Dawn McSweeney on Writing, Montreal, Narrative Structure and The Hills We Climb By Accident

Dawn McSweeney has been writing for years: short stories, poetry, even some journalistic pieces for this very site. Now, she has finished and published her first novel, The Hills We Climb By Accident.

“The story lent itself to the length of a novel,” McSweeney said in a phone interview, “I started writing it with the hopes that it would be a book, but I’ve done that before and they don’t always get there. This one did.”

McSweeney did try self-publishing once before, back in the early 2000s, which meant actually paying for paper and doing it yourself. She finds that now there is much more opportunity for authors to get their work our there, but, of course, there are limitations.

“There’s no support, there’s no net, there’s no person who is the expert who is guiding this whole ship, it’s kind of like ‘here are some words, I hope they stick’,” she observed, while also noting that her daughter’s friend got her book as an Amazon recommendation, so “maybe there is a fair shot to be had.”

Location may have played a part in that recommendation as McSweeney’s book is set in Montreal, which, as she puts it “not enough” are. This choice was, in part, because it’s what she knows, but also due to some of the unique aspects of life in our city.

“People tell me that in other places they don’t use parks the way that we do.  We treat a park like a beach and  lay out in a way that in other cities maybe they don’t,” the Montreal born and raised author observed, noting  that “the things we take for granted and just process every day are actually flavourful experiences that are site-specific.”

McSweeney grew up thinking that if you set your story in Canada, it will be considered just a Canadian story, without the prospect of getting traction internationally. However, she now feels that a Montreal story is different.

“We’re OG hipster in that way,” she observes, “we have that caché of a very small space that we have injected so much personality into.”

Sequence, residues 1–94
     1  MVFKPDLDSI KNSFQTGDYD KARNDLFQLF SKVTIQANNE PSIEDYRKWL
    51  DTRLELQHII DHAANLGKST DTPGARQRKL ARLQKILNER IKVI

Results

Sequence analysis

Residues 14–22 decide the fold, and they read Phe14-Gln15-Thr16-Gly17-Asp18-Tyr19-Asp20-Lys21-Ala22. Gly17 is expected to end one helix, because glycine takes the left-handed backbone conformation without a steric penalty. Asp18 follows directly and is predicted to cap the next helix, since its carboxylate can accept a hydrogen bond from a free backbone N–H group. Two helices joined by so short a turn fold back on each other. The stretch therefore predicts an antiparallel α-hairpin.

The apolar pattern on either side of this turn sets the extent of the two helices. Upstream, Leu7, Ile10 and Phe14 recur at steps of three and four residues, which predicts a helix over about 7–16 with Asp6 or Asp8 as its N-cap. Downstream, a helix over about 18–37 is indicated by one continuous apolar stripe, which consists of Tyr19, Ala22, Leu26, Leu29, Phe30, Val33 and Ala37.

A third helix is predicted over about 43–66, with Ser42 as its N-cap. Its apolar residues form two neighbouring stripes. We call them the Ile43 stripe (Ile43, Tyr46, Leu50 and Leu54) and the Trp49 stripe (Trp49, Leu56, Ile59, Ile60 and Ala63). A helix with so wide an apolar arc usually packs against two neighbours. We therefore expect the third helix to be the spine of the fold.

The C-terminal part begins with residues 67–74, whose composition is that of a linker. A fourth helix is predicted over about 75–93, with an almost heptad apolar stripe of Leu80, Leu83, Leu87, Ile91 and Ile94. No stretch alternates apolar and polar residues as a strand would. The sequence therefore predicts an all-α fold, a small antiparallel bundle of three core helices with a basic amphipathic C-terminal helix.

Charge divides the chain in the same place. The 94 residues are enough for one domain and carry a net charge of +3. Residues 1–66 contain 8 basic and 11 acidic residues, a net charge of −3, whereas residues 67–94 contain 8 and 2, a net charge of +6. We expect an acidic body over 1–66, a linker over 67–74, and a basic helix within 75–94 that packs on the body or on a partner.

Family relations also play a big part in her story, too. And one planned plot point was unexpectedly mirrored in McSweeney’s own life as she was completing the book.

“I didn’t plan for that to happen,” McSweeney observed, “and it was strange to be writing about that concurrently.”

The Mountains We Climb By Accident follows its central character Talia from the present day, to a few years prior, to her childhood, then back to a few years ago, then back to the present, then to her teenage years and so on. It reads like several short stories woven together thematically rather than chronologically.

McSweeney says she chose this structure to better emulate how a person actually thinks:

“We are just a collection of our disjointed experiences,” she explained, “they are all each a chapter and are all each a separate narrative. You can remember something from your childhood so poignantly and then completely forget a conversation you had last week. One becomes the afterthought and one becomes the centerpiece memory. Sometimes I struggle to write something in a straight line because that’s not how it feels when I experience it.”

You can experience this unique narrative structure and a story based in Montreal right now.

The Mountains We Climb By Accident by Dawn McSweeney is available now in paperback and can be pre-ordered as an e-Book

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